Determination of Phase Noise Spectra in Optoelectronic Microwave Oscillators: A Langevin Approach
ABSTRACT We introduce a stochastic model for the determination of phase noise in optoelectronic oscillators. After a short overview of the main results for the phase diffusion approach in autonomous oscillators, an extension is proposed for the case of optoelectronic oscillators where the microwave is a limit-cycle originated from a bifurcation induced by nonlinearity and time-delay. This Langevin approach based on stochastic calculus is also successfully confronted with experimental measurements.
Article: Contribution of Laser Frequency and Power Fluctuations to the Microwave Phase Noise of Optoelectronic Oscillators[show abstract] [hide abstract]
ABSTRACT: An opto-electronic oscillator is a microwave oscillator in which the resonator is replaced with an optical fiber delay-line carrying an intensity-modulated laser beam. We consider the frequency and power fluctuations of a standard DFB telecom laser, and we investigate their effect on the phase noise of microwaves generated with opto-electronic oscillators. We propose a theoretical study showing how these two laser fluctuations are converted into phase noise in the output microwave. This theory predicts that the power noise should have a minor contribution to microwave phase noise, while the wavelength fluctuations should strongly contribute to phase noise via the chromatic dispersion of the few kilometers long optical fiber delay line. We have experimentally confirmed the validity of this theory by measuring the relative intensity noise and the optical frequency noise of a semiconductor laser, which has later been used for microwave generation. We show that the use of a zero-dispersion fiber delay-line can lead to a 10 dB improvement of the phase noise performance, relatively to the case were a standard single mode fiber is used.Journal of Lightwave Technology 10/2010; · 2.78 Impact Factor
Conference Proceeding: The AM noise mechanism in oscillators[show abstract] [hide abstract]
ABSTRACT: The oscillator, inherently, turns the phase noise of its internal components into frequency noise, which results into a multiplication by 1/f<sup>2</sup> in the phase-noise power spectral density. This phenomenon is known as the Leeson effect. This article extends the Leeson effect to the analysis of amplitude noise. This is done by analyzing the slow-varying complex envelope, after freezing the carrier. In the case of amplitude noise, the classical analysis based on the frequency-diomain transfer function is possible only after solving and linearizing the complete differential equation that describes the oscillator.Frequency Control Symposium, 2009 Joint with the 22nd European Frequency and Time forum. IEEE International; 05/2009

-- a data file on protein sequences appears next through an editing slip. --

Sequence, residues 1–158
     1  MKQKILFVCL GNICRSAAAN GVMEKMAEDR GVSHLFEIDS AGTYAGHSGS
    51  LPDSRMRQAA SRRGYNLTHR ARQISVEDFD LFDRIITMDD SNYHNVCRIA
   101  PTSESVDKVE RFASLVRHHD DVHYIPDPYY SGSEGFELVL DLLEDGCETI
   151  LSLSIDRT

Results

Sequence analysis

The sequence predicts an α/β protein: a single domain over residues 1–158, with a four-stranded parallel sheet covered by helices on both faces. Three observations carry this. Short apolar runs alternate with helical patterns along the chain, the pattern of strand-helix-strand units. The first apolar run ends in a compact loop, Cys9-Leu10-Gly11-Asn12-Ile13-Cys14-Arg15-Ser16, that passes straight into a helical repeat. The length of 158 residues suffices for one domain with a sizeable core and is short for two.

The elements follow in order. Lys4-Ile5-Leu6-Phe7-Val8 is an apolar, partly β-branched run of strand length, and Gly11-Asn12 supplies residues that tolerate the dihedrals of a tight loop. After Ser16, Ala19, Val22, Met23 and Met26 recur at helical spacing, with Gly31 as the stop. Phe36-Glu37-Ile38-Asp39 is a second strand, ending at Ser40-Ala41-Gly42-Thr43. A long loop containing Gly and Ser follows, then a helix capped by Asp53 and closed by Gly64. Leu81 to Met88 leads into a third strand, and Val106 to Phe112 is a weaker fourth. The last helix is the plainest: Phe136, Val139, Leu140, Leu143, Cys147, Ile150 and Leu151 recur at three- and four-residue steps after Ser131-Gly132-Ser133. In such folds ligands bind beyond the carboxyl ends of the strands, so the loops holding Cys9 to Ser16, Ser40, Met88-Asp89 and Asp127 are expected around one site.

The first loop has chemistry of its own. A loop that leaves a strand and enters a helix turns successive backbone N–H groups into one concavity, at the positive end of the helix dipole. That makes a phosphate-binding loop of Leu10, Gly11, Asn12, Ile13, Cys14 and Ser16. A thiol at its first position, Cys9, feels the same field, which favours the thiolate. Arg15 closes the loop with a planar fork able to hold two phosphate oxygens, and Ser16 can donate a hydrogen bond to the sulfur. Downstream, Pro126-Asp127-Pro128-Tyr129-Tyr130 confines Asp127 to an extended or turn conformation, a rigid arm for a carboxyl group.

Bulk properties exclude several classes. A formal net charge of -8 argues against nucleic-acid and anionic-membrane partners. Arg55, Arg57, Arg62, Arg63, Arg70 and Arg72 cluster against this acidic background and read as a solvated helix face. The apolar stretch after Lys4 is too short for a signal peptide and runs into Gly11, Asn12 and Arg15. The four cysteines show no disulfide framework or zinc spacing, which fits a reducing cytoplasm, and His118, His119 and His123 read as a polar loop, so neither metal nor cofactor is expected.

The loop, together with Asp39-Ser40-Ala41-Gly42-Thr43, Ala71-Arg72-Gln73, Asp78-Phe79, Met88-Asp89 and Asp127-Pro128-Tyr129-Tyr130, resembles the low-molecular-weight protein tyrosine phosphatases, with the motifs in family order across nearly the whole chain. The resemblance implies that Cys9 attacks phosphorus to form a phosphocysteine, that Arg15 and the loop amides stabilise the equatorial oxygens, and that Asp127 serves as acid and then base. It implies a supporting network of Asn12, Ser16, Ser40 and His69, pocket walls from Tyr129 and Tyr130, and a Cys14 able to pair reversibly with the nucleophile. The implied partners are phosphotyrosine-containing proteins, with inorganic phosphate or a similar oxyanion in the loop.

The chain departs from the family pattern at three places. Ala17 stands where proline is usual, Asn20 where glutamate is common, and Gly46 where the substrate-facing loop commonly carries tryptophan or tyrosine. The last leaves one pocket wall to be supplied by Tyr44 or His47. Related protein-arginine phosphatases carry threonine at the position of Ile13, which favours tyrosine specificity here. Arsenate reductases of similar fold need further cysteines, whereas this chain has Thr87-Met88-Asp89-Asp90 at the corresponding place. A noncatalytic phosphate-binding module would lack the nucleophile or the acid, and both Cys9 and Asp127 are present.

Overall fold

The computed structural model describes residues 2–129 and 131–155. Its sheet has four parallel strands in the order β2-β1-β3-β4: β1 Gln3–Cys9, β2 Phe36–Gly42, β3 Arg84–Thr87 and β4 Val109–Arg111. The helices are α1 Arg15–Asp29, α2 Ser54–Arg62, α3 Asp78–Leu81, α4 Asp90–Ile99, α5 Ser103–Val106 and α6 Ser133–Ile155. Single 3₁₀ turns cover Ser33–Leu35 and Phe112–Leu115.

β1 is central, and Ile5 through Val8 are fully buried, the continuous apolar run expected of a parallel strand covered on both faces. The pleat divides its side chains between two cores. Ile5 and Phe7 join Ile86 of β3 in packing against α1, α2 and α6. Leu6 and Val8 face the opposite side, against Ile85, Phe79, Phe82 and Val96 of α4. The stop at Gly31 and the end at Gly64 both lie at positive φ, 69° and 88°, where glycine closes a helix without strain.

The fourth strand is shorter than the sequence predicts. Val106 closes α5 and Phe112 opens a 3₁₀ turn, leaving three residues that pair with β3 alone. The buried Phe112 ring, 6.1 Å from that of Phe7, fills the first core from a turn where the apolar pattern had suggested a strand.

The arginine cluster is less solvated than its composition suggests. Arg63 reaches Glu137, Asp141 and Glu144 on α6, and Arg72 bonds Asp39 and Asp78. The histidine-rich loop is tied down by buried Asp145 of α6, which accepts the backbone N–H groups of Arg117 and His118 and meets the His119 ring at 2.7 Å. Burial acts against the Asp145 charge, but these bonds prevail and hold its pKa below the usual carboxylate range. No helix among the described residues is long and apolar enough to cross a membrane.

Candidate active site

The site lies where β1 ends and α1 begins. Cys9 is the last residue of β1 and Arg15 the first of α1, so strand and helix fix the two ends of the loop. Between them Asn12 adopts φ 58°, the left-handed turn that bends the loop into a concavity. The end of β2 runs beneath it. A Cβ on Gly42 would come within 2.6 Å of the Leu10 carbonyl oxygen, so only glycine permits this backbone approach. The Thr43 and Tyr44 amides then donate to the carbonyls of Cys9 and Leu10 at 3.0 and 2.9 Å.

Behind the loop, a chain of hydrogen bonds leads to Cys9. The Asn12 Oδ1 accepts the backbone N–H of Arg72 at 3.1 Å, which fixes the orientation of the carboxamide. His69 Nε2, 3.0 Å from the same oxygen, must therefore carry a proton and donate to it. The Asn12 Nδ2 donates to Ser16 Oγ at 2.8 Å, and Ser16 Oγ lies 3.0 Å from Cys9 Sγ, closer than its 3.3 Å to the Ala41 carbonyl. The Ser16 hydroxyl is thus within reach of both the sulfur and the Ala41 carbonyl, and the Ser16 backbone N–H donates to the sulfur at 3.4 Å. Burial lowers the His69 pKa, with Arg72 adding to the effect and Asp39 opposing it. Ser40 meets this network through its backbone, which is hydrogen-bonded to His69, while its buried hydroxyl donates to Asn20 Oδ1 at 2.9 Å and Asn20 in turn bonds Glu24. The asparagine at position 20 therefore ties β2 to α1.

Article: Generation of Ultralow Jitter Optical Pulses Using Optoelectronic Oscillators With Time-Lens Soliton-Assisted Compression[show abstract] [hide abstract]
ABSTRACT: In this paper, we propose a new approach for the generation of ultralow jitter optical pulses using optoelectronic microwave oscillators. The short pulses are obtained through time-lens soliton-assisted compression of sinusoidally modulated prepulses, which are self-started from a conventional single-loop optoelectronic oscillator. The inherent ultralow phase noise of optoelectronic oscillators is converted into ultralow timing jitter for the generated pulses. We provide a time-domain model for the slowly varying amplitudes of the microwave and optical oscillations, and our analytical study is confirmed by numerical simulations and experimental measurements. We demonstrate the generation of 4.1 ps pulses along with a microwave whose phase noise is -140 dBc/Hz at 10 kHz from the 10 GHz carrier, with 2.7 fs jitter in the 1-10 kHz frequency band.Journal of Lightwave Technology 12/2009; · 2.78 Impact Factor
Determination of Phase Noise Spectra in
Optoelectronic Microwave Oscillators:
a Langevin Approach
Y. Kouomou Chembo∗†, K. Volyanskiy‡,
L. Larger§, E. Rubiola¶and P. Colet?
CNRS and Universit´ e de Franche Comt´ e, Besan¸ con, France
May 21, 2008
We introduce a stochastic model for the determination of phase noise
in optoelectronic oscillators. After a short overview of the main results
for the phase diffusion approach in autonomous oscillators, an extension
is proposed for the case of optoelectronic oscillators where the microwave
is a limit-cycle originated from a bifurcation induced by nonlinearity and
time-delay. This Langevin approach based on stochastic calculus is also
successfully confronted with experimental measurements.
tor lasers, stochastic analysis.
Optoelectronic oscillators, phase noise, microwaves, semiconduc-